Sunday, March 7, 2010
Never alone in prayer
This week I turn 85, and people still ask me, as they have for several years, why I moved from semi-retirement in Central Florida to northern Illinois. Actually, I may be smarter than I seem. The move placed me in a condo just one mile from seven persons I love a lot, my daughter, son-in-law and five of my six grandchildren. There was another plus I knew nothing about ahead of time.
That was a welcoming parish church, St. Francis of Assisi, and its founding father, Fr. Edward Upton. St. Francis of Assisi in Orland Park, IL, is celebrating 20 years of service and growth. My wife died about a year after we moved here, and anonymous parishioners became caring as brothers and sisters. I had been diagnosed with a rare neurological disease, and before long I had to stop going to church.
Never mind. Until this week Deacon Joseph Truesdale came to my home every Sunday with the Eucharist and morning prayer. At other times during the liturgical year the pastor came.
This curious disease I live with is progressive, which means it keeps finding new ways to be a pain in the neck or elsewhere. It has no cure. It began to interfere with my swallowing apparatus, causing a lot of anxiety and stress. It makes feet stumble and eyes blur. This form of Parkinsonism includes brain atrophy, although I have never been a member of Congress. I began having to cancel the deacon’s visit Sunday after Sunday. Now I’ve asked him to remember me in prayers, but to visit someone else.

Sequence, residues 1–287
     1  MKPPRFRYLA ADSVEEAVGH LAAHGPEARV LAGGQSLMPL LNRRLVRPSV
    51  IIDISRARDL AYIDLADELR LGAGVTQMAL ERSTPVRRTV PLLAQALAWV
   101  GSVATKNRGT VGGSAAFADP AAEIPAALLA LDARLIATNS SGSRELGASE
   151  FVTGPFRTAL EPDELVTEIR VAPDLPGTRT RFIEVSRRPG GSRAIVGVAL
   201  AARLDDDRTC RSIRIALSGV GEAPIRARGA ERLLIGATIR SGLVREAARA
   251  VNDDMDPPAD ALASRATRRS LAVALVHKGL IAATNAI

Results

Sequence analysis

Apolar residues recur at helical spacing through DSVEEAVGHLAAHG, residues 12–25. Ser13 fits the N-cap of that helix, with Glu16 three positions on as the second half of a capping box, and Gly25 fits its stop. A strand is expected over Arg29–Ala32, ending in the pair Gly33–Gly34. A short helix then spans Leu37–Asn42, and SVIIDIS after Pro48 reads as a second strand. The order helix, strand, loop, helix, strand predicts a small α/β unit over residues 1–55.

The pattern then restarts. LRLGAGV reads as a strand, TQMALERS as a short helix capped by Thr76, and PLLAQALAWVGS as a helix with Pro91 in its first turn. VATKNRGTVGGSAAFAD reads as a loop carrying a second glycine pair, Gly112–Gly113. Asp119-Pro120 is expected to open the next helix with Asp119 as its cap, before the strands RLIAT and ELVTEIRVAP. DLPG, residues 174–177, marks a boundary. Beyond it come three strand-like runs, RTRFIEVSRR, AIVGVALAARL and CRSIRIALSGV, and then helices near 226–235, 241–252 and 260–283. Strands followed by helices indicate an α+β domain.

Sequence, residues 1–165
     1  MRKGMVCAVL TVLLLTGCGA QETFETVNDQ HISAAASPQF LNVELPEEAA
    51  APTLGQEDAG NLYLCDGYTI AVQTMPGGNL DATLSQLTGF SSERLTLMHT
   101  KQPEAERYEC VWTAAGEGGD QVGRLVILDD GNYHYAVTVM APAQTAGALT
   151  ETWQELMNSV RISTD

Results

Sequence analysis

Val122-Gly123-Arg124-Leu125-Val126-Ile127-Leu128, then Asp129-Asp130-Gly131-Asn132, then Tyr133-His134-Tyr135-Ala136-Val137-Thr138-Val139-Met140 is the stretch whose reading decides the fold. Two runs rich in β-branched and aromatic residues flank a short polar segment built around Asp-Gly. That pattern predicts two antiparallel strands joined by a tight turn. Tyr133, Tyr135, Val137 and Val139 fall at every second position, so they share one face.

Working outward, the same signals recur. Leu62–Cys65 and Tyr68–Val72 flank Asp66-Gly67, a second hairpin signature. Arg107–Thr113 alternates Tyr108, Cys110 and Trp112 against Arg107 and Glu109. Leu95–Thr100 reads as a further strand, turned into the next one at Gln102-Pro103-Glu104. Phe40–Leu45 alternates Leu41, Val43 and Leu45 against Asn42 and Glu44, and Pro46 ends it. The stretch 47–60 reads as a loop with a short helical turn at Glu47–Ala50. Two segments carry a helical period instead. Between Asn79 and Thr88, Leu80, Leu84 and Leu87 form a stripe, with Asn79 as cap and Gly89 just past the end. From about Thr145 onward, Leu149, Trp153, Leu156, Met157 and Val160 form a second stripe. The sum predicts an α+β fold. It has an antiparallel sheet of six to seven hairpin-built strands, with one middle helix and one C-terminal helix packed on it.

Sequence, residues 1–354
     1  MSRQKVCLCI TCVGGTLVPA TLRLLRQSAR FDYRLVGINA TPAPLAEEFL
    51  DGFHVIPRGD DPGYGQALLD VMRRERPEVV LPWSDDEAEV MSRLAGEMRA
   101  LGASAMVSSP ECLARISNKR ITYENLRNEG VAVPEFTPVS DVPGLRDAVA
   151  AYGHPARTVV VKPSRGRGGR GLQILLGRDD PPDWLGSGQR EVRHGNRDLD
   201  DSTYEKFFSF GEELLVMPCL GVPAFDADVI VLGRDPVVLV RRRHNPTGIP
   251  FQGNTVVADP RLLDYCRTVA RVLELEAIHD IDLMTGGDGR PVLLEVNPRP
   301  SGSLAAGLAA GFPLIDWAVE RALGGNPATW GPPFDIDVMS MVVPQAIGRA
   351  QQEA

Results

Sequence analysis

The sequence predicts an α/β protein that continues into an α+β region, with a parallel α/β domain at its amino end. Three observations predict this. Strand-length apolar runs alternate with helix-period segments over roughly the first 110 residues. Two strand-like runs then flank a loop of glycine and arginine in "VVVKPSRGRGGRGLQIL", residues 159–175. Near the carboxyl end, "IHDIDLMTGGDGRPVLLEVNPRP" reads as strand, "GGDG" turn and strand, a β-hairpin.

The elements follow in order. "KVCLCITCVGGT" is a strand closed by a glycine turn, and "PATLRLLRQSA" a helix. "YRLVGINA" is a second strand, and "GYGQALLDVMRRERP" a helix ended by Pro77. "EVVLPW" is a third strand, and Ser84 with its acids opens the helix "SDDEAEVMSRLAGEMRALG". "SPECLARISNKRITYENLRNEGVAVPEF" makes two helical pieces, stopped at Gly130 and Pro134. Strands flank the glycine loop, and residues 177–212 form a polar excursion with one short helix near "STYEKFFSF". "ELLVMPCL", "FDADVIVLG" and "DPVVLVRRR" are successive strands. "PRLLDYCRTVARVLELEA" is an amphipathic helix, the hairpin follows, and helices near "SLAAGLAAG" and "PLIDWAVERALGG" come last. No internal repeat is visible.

Those of us who can’t get to a church miss the give and take of people assembled in community, but that doesn’t mean we’re left out. Spiritual communion is a union with Jesus in the Eucharist through desire for it.
In Corpus Christi: An Encyclopedia of the Eucharist, Michael O’Carroll, C.S.Sp., writes that the practice of spiritual communion “was encouraged by great authorities in the spiritual life, such as St. Teresa of Avila and St. Francis de Sales. Theologically the basis was sound: spiritual communion is the expression of desire, desire directed towards the Eurcharist, preferably explicit. The source of this desire is faith in the real presence of Jesus in the Eucharist. This desire supplies for the act.”
Many read all or part of The Liturgy of the Hours, sharing with millions of priests, religious and laity who are reading the same scripture passages and prayers.
Today the Mass is offered via television and Internet screens, and for Christians who must stay at home there are many ways to pray with others. The Liturgy of the Hours is powerful choice, in full or abbreviated forms. Sunday readings are easily available via the Internet. Those readings may draw a person into Bible browsing, illustrated in the picture, upper left, which miraculously survived 68 years in storage. Since it was taken I've discarded thick pencils in favor of thin computers, as shown upper right.
In this 21st century some Christians even poke around in sacred writings of others.
The point is: Nobody has to be alone in prayer.